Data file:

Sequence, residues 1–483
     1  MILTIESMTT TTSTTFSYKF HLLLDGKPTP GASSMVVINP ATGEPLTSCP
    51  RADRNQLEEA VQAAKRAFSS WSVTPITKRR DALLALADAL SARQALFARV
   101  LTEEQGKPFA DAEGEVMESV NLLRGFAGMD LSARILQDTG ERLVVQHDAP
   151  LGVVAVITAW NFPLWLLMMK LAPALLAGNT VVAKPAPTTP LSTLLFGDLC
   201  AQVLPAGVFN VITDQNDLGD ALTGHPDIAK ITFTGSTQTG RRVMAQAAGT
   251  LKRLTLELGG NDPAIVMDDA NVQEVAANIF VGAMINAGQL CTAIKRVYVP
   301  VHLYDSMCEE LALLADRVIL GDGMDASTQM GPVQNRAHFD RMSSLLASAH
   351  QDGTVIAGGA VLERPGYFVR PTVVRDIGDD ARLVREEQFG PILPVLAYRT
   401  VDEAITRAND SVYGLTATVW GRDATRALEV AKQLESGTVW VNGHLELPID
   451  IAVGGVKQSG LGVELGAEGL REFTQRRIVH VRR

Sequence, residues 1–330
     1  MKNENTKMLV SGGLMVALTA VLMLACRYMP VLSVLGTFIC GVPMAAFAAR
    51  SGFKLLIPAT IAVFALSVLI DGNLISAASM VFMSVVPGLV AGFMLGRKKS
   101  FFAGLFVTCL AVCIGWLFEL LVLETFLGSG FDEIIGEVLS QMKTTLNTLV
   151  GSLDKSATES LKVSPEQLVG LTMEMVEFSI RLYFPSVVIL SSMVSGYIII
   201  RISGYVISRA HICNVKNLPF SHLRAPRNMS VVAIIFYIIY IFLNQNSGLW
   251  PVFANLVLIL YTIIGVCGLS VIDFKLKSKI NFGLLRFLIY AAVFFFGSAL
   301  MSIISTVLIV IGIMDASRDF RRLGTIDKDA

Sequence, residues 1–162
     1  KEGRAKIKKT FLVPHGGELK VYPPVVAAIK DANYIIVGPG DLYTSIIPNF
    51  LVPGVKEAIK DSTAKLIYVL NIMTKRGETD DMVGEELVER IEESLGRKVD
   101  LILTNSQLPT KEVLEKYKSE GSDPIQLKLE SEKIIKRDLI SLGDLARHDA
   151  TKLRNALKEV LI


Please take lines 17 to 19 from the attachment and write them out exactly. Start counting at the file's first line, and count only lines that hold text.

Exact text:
   201  RISGYVISRA HICNVKNLPF SHLRAPRNMS VVAIIFYIIY IFLNQNSGLW
   251  PVFANLVLIL YTIIGVCGLS VIDFKLKSKI NFGLLRFLIY AAVFFFGSAL
   301  MSIISTVLIV IGIMDASRDF RRLGTIDKDA